I'm at my deadline for RetroChallenge 2016/10 and unfortunately I'm tantalisingly close to having something that works, but not quite there.
I have the bitbang/slow mode working and generating pulses that match the output I get from my Bus Pirate when using it to talk to the SD card. However, the Bus Pirate gets a response and my circuit does not.
I blamed my level shifter for a while. As an experiment I tried writing to the card from the Bus Pirate and reading the response through the level shifter works fine, so that can't be the problem.
Bitbang mode was fixed by adding an additional edge trigger circuit. Instead of a synchronous edge trigger I used the simple trick of feeding a signal and an inverted copy of the signal into an AND gate. When the signal goes high the inverted version remains high for the propogation delay of the NOT gate used to invert it, so the output from the AND gate is temporarily high. Since I had a free NAND gate and second free NOT I used these to build an AND. I ended up picking the existing EDGE signal (ie. the synchronous edge trigger) as the input to the new edge trigger. This provided a signal that could be used to make the output flip flop's latch transparent for only a brief period.
I could probably at this point do away with the synchronous edge trigger and save a mostly unused 74HCT374, but there was no time to test this today. I will test this when I get chance.
With the bitbang mode working I was able to attempt to initialise the SD card at the low clock rate it requires. After some fiddling I discovered that my output pulse train was off by one relative to the clock pulse. In an effort to get things to work I bodged the values I was writing to make the output signal match what I see when using the Bus Pirate. This included adding a new bit to the CONFIG register to drive the serial input on the output shift register. This ensured the Data Out line (MOSI) to the SD card was pulled high, in order to match exactly the Bus Pirate's behaviour.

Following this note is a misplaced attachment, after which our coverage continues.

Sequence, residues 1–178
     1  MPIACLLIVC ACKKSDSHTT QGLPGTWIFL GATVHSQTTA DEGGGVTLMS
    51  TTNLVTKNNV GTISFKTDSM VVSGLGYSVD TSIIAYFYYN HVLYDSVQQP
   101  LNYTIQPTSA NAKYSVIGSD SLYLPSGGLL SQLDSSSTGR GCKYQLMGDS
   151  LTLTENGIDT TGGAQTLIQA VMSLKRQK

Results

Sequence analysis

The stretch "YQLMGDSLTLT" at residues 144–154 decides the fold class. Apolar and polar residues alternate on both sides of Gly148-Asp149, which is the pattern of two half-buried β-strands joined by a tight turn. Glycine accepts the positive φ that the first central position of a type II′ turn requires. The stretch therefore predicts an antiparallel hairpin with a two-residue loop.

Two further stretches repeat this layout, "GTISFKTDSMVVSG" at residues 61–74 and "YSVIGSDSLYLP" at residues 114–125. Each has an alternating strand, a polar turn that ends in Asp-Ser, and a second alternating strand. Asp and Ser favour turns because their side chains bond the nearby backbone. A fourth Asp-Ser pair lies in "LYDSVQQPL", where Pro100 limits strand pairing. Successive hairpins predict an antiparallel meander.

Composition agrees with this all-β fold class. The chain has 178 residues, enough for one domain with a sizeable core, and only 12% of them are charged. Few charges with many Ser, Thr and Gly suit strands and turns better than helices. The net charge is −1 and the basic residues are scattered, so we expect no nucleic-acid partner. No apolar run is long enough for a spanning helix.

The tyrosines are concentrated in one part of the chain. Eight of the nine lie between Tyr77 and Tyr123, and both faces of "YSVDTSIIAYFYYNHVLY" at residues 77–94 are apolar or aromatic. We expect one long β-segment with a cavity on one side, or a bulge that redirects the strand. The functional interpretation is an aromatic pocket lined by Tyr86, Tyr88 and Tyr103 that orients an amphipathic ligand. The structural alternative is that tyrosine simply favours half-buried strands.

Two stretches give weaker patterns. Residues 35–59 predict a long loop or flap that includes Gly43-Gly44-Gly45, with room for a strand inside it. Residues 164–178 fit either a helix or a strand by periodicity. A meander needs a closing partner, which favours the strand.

It was difficult to get a screenshot that captured the whole pulse train, but the above shot shows the Bus Pirate sending CMD0 (0x40, 0x00, 0x00, 0x00, 0x00, 0x95) and receiving 0xFF (no response) followed by 0x01 (OK). The shot below shows the commands sent to the Bus Pirate and the response.
The next shot shows my circuit sending the same output, but recieving no response.
In both cases a large number of clock pulses were sent with the SD card's chip select deasserted, as is apparently required to initialise the card.
My suspicion is that either my timing is too fast - I'm currently running at 330kHz while the Bus Pirate is running at 33kHz - or the rising edge of my clock is very subtly off with respect to the data.
There are still hardware bugs (the off by one issue, mainly), but the final schematic and final netlist are included below for posterity.
I plan to continue working on this project after RetroChallenge and will and post further updates as I figure it out.
I also plan to write a post about the toolchain I have setup for running assembly programs quickly and painlessly on the RC2014. Hopefully I'll be able to post that tomorrow.